Orchestra, musicians respond to report

Henson
In this photo from 2009, Minnesota Orchestra president and CEO Michael Henson announces the Orchestra Hall expansion proposal. Of recent financial decisions, Henson said the orchestra was responding to one of the worst recessions in American history and its decisions were geared toward inspiring confidence and preparing the orchestra for a new financial future.
MPR photo/Euan Kerr

Locked out Minnesota Orchestra musicians say a report by the Star Tribune shows that the orchestra's board and management may have misled the community on its financial health.

The report raises questions as to whether the orchestra covered deficits with money from its endowment to help win public funding for an Orchestra Hall lobby renovation. The report says the orchestra later drew less from investments and declared a $2.9 million deficit when it was demanding deep salary reductions from its players. The newspaper's report is based on hundreds of pages of financial information and board meeting minutes the orchestra provided to its musicians.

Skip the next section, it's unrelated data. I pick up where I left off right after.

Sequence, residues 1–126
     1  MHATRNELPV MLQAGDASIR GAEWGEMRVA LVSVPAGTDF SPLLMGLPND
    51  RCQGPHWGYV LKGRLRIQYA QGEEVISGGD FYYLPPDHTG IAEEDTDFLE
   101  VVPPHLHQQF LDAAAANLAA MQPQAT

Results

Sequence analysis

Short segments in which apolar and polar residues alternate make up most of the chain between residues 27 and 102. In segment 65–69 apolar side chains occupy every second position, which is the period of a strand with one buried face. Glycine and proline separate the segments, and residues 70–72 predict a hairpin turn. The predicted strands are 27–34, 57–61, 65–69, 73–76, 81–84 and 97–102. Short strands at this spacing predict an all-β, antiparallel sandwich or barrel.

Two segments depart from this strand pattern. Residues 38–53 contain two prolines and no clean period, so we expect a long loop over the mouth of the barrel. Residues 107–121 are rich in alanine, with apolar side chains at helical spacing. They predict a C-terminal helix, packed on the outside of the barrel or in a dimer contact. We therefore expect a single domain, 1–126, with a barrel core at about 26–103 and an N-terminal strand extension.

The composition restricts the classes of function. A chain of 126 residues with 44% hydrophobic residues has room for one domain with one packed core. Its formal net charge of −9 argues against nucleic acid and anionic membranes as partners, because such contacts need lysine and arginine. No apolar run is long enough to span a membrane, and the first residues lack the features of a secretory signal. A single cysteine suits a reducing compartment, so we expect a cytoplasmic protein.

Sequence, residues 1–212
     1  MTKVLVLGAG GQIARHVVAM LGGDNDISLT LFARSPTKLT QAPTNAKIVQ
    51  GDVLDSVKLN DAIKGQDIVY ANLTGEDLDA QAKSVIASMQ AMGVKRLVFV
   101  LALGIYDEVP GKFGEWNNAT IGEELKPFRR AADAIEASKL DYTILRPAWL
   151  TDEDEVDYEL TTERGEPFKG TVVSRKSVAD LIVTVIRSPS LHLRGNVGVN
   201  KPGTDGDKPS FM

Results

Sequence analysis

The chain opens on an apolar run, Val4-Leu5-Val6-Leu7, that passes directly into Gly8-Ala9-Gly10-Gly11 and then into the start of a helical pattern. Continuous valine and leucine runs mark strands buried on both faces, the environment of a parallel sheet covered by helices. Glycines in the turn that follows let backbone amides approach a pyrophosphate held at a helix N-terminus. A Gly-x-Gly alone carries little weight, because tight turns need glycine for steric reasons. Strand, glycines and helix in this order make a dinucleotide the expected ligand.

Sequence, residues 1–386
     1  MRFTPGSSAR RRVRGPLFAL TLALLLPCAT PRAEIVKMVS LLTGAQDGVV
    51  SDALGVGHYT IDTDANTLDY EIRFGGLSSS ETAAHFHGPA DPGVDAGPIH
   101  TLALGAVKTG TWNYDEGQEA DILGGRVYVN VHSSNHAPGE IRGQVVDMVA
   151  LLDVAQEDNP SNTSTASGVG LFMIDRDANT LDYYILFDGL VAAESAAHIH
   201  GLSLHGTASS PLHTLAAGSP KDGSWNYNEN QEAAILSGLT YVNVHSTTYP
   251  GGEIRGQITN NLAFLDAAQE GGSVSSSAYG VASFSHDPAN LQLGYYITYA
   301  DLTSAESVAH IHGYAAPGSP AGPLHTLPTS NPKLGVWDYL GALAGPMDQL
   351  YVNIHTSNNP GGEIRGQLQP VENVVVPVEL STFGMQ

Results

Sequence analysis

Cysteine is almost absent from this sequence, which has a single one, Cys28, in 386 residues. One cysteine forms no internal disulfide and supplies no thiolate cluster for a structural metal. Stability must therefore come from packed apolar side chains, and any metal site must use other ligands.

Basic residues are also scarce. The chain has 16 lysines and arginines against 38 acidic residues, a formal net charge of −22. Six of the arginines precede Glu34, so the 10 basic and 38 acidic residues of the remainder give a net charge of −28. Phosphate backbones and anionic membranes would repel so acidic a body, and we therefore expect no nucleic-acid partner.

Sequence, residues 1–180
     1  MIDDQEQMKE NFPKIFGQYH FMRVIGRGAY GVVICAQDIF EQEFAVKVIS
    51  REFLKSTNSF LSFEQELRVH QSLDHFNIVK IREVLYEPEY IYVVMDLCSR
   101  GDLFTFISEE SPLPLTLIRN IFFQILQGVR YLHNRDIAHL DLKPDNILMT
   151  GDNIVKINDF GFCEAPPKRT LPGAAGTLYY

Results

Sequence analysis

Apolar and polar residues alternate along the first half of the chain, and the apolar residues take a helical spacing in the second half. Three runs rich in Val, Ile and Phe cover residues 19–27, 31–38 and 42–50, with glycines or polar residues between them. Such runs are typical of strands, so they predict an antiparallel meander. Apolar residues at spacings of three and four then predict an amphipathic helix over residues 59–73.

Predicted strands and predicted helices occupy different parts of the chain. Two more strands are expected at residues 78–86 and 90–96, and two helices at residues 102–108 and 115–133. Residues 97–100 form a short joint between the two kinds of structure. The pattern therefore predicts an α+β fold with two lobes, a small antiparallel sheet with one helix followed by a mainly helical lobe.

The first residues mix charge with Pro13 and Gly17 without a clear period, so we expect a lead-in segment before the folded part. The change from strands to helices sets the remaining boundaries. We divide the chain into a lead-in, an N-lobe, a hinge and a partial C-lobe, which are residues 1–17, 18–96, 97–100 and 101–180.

Minnesota Orchestra President Michael Henson said the orchestra was responding to one of the worst recessions in American history and its decisions were geared toward inspiring confidence and preparing the orchestra for a new financial future.

"All of us, whether you're running a for profit, or not-for-profit, have had to manage through tumultuous times, and find your own solutions as to how to maintain confidence, and at the same time facilitate change in all aspects of your organization, or in this case, the orchestra," Henson said.

Negotiator Tim Zavadil, chair of the musicians negotiating committee, said the report illustrates the need for an independent financial analysis of the orchestra. The musicians have been locked out since Oct. 1 because of a contract dispute with the orchestra.

"In order for us to get to the bottom of where the orchestra's finances are, we have to have an independent third party come in here, someone that is trusted by both sides that can verify where the actual true financial position is," Zavadil said.

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